Review - Hidizs S8 Pro Robin

Review - Kefine Klanar

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TLDR version on YouTube: TDLR - Kefine Klanar

The Kefine Klanar have been sent to me directly by Kefine in exchange for the publication of this review. As always, I will make every attempt to be as unbiased as humanly possible. Kefine have not made any requests or comments and all opinions are my own.

I cannot find an official page for Kefine but the Klanar are available through all of the usual stores that sell IEMs online.

To avoid being repetetive in my reviews, you can find all the info about how I create the reviews, equipment used, how I receive the products and how to interpret my reviews by visiting: About my reviews


Kefine is a new brand and the Klanar are their first set of IEMs. As an entry into the IEM world, they have opted to go with a 14.5mm planar driver and are priced at a little over the 100€ mark.

I can't really give you a back story on them as I don't know it but when they reached out to me, I was happy to give them a listen. 

It's true that they have picked a segment, the planar magnetic IEM segment, that is quite crowded at the moment, yet the price is an interesting one, coming in at the lower end of the current planar options, so let's see how they did.


The box is a plain black one, with a lift off lid, that arrives inside a white cardboard sleeve. The front shows an image of the IEMs, along with the brand, model and "Planar IEM" on the front. On the back we get the basic specs, along with another image of the IEMs, and that is about it. The outer packaging doesn't do much to stand out, but that is not a complaint as I don't listen to the packaging. I would rather packaging be basic and the contents get the attention.

Inside the box we find that the packaging stays simple, with just a piece of foam with two cutouts for the IEMs and a larger one for the storage/transport case. The case is a simple grey semi rigid type with Kefine on the top and contains the additional silicone tips. In total there are 7 sets of tips included, with 3 different sizes and two core sizes, that are nothing special but do the job and are what I have used for this review.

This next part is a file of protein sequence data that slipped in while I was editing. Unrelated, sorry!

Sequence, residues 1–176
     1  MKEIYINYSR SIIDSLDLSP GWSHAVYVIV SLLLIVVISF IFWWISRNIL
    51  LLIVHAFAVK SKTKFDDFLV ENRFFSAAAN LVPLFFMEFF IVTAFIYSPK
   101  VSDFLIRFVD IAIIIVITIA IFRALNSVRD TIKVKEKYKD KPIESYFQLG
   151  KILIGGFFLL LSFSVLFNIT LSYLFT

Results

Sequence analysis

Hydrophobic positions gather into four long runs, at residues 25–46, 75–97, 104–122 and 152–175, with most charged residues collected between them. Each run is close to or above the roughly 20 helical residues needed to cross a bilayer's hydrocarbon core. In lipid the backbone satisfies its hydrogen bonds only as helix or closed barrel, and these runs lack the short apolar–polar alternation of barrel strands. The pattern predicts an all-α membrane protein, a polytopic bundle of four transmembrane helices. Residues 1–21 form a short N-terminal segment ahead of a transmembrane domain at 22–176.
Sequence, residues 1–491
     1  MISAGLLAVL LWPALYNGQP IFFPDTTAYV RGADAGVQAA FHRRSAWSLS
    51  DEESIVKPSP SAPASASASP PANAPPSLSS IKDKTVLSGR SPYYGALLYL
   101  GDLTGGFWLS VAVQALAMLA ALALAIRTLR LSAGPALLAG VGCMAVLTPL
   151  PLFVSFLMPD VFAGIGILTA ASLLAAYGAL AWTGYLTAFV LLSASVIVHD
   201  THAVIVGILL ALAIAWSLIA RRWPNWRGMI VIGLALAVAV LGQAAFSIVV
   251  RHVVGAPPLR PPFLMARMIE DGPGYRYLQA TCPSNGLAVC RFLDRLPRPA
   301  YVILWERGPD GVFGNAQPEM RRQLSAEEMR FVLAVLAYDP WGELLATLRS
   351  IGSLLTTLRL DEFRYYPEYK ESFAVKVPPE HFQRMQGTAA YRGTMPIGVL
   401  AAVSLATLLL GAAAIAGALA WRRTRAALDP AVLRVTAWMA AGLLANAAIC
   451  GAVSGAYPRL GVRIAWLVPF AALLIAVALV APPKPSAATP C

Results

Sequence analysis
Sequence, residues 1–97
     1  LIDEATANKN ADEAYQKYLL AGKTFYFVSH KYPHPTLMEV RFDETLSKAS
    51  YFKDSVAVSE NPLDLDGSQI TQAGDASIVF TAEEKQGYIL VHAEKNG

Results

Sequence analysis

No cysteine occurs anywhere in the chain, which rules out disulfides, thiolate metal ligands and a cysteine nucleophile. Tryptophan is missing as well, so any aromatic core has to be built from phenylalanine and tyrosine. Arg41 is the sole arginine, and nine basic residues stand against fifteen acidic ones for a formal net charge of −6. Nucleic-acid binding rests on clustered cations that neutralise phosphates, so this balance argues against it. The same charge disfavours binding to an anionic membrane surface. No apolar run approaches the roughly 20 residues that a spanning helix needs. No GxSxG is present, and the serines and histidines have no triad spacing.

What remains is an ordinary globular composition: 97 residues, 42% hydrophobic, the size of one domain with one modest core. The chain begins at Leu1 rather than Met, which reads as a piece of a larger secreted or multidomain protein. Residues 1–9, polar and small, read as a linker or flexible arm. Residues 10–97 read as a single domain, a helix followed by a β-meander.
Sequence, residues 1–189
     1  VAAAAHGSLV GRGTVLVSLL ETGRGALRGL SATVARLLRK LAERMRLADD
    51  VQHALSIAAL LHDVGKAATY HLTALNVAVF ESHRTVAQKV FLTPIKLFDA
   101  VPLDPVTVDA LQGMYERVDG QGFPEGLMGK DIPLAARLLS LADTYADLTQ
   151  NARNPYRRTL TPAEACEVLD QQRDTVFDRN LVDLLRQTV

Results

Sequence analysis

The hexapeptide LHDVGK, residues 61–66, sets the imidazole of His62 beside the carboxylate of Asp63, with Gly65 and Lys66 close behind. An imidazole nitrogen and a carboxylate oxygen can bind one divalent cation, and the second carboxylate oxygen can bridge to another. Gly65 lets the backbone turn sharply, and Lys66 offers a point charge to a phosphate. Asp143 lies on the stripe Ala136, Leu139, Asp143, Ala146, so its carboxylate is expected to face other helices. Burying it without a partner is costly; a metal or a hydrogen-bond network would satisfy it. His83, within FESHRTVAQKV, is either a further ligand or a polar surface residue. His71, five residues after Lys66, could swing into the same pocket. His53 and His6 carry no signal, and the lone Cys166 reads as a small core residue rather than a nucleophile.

Build and aesthetics…

The IEMs are almost as simple as the packaging, using a generic shape with Kefine written in white text and a white circle on a black faceplate and shell.

By simple I am not being negative here at all. No, they are not something that is going to jump out and grab your attention, which is often a very good thing, but they use a metal faceplate on a dark plastic shell that does not look out of place and honestly look to be well built (although only time will tell).

Due to the simple, generic shape of the shells, they should be comfortable for the vast majority of users and I am no exception here. For long listening periods I did not find them to create any discomfort at all.

The included cable is a four core brown and black weave, with a metal 3.5mm connector and splitter, along with plastic two pin connectors at the IEM end. As with the whole package so far, nothing is special but nothing is offensive, I can't see the aesthetics being a negative at all.


All tracks mentioned are clickable links that allow you to open the reference track in the streaming service of your choice (YouTube, Tidal, Qobuz, Spotify, etc.)

Ok, so far we have a very generic set of IEMs and when we get to the sound, we could expect the same, seeing that the driver used in these IEMs is one that we have seen in many other models so far. The majority of those other models have been on the better side of things, although there have been a few that were let down by the tuning. In the case of the Klanar, I must say that I feel they have done a good job.

Here is the graph of the Klanar in comparison to my usual personal preference target:

It's been a while since I said it, so I will remind people that my target is not a "be all end all" as far as tuning. While that reference is a good guide to my personal preferences as far as tuning, it doesn't mean that I don't enjoy other sound signatures that deviate from it (or that I always enjoy those that are close to it).